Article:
Great information By Melanie Dowhaniuk .
Prospecting for a partner is the act of doing research to find the right partner. When deciding on entering into a strategic marketing partnership, it is important to do the right amount of research to evaluate whether or not it will be a successful partnership, and if it is worthwhile to invest your time and resources to grow a successful relationship.
Here are some key considerations when doing your research.
1. Your Growth Limitations
The first thing a business must do is identify what is inhibiting the growth of the organization. It is important to be aware of what your company struggles with and what exactly it is that you hope to improve on or achieve when entering a partnership. You must ask how you can turn these challenges into a positive and productive experience.
You should be looking to enter into a partnership with another individual or organization that compliments your skills and shows strength in your areas of weakness. For example, if your sales are weak, choose a partner who specializes in sales. If you are lacking in technological advancements, partner with an organization that has these assets.
Take the time up front to reflect internally to ensure you are clear on what your organization can bring into a partnership. A strong suitor will help attract quality partners.
The next important step is to determine if your potential partners share in your sense of values. Values factor into every part of a business: from determining the customer base to deciding how to manage employees. If your partner does not share your sense of values, you are setting yourself up for conflict.
Ask yourself the question, “Are there any conflicts around the partners’ business values that would jeopardize their ability to make a successful partnership?”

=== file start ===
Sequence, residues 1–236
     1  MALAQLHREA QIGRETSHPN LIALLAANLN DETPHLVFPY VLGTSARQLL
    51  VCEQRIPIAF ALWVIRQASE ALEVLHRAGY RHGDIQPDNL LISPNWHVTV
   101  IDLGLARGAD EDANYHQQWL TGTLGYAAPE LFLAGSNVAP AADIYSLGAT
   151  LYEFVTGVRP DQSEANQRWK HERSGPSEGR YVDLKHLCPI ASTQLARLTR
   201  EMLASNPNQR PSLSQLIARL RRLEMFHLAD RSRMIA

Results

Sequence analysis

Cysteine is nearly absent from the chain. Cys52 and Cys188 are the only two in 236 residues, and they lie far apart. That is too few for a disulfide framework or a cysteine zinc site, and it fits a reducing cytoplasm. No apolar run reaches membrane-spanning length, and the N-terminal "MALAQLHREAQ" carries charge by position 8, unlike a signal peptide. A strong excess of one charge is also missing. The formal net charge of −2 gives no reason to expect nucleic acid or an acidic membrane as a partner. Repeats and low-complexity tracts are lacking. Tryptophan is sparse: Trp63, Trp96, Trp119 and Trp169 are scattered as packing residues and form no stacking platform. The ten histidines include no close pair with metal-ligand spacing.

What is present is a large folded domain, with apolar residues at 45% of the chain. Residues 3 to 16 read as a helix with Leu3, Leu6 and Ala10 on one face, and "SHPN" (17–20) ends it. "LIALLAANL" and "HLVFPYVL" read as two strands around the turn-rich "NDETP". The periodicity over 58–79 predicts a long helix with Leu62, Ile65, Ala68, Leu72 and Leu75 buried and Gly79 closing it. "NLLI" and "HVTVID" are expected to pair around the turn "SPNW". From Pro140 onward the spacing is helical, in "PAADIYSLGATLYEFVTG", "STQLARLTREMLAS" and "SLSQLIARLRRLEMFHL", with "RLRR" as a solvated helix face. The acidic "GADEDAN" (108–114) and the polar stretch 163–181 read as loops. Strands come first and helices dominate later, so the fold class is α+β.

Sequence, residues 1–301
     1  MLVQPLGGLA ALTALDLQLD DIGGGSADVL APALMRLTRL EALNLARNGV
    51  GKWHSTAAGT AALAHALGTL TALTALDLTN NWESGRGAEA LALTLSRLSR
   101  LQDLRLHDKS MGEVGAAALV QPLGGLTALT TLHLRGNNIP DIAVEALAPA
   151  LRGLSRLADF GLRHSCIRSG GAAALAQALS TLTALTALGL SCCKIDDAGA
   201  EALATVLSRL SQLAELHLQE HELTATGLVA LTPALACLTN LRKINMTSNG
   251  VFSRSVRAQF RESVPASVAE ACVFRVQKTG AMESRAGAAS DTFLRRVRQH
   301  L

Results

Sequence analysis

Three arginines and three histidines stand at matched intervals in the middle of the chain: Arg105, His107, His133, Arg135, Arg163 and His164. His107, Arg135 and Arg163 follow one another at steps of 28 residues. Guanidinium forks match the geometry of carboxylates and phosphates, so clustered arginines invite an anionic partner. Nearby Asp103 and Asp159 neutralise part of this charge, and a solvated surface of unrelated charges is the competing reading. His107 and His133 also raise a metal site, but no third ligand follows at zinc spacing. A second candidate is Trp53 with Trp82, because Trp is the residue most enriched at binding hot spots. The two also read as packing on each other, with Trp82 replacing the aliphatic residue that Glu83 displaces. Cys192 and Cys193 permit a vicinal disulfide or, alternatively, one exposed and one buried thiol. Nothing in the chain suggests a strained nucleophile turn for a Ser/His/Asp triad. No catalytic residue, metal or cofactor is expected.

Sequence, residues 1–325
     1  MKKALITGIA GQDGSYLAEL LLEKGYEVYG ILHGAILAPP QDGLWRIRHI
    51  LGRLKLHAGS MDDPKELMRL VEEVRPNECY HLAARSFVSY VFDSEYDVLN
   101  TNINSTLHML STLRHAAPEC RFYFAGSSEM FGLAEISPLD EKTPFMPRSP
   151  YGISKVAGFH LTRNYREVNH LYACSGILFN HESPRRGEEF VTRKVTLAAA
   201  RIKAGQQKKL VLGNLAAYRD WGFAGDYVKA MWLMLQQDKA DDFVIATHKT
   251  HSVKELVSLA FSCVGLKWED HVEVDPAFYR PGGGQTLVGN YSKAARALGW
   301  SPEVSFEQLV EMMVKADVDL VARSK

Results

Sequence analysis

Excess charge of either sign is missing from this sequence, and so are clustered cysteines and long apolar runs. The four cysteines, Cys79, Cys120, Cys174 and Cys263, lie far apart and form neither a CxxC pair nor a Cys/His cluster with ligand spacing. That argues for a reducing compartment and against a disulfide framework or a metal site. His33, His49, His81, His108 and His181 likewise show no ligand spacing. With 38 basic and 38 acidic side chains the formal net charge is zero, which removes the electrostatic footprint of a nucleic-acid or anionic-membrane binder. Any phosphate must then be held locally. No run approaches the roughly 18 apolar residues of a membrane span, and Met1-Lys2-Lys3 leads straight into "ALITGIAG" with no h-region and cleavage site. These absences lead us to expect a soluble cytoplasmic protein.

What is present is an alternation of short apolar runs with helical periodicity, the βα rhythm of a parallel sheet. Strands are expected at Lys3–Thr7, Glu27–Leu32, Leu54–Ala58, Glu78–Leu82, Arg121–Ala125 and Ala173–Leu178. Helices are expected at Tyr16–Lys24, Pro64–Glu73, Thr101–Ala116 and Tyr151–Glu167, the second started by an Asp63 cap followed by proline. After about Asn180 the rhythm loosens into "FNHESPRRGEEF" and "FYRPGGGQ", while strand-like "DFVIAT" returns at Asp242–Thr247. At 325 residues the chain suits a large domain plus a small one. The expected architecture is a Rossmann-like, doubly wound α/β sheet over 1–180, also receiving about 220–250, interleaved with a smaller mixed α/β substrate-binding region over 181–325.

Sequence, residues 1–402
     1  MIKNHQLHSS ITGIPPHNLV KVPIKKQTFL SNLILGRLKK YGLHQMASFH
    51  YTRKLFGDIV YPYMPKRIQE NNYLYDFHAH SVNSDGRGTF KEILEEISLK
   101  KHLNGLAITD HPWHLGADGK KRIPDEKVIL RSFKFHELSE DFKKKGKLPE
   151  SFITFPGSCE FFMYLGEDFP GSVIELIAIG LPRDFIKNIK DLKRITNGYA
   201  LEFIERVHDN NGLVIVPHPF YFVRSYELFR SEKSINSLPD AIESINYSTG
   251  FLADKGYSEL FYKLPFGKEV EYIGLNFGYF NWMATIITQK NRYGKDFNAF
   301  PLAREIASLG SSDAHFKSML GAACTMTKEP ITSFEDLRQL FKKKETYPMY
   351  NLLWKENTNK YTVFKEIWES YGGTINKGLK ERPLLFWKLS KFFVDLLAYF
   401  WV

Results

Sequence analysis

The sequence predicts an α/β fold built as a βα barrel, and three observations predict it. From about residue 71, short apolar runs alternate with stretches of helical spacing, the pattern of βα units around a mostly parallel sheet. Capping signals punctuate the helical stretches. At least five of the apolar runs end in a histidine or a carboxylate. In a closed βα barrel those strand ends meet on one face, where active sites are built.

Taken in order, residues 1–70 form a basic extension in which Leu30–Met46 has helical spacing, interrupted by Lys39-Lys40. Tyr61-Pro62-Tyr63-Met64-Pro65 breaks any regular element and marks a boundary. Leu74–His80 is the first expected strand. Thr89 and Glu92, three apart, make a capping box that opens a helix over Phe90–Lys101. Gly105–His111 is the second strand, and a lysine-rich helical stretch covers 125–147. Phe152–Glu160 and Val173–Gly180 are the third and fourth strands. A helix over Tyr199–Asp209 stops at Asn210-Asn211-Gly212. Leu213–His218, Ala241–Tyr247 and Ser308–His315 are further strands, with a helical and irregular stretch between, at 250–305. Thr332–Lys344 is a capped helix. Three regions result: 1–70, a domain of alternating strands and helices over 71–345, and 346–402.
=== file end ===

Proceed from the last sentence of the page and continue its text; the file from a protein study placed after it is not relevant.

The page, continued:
3. Mission and Goals
In doing one’s research, it is critical to determine how to analyze your partner’s mission and goals to ensure you are both aligned.
For a partnership to work well, the prospective partners must determine how well their business goals fit together. If they are not compatible and you do not share a common vision, it may be difficult to work out any differences.
This should all be outlined prior to entering into a strategic marketing or business partnership. Quantifiable and measurable goals will also help evaluate the partnership in an objective way.
4. Other Factors
While evaluating prospective partners, here are some of the many additional factors you must take into account.
- Will this partnership benefit you in terms of breaking into new markets, either locally or internationally?
- Will it help you grow your customer database?
- Will it help to increase your brand image and awareness?
- Is the partner organization the right size?
- Are they are equipped with enough complimentary skills to strengthen your organization or fill gaps?
Take as much time as you need to evaluate potential business partners and use the correct evaluation tools by asking the right questions. It is better to wait to take on the right partner than to rush into a bad relationship!
“This article is reprinted with permission by ShowcasingWomen.com, the Premier Resource For 30+ Million Women Entrepreneurs. Visit them for free instant access to their Success Tools.”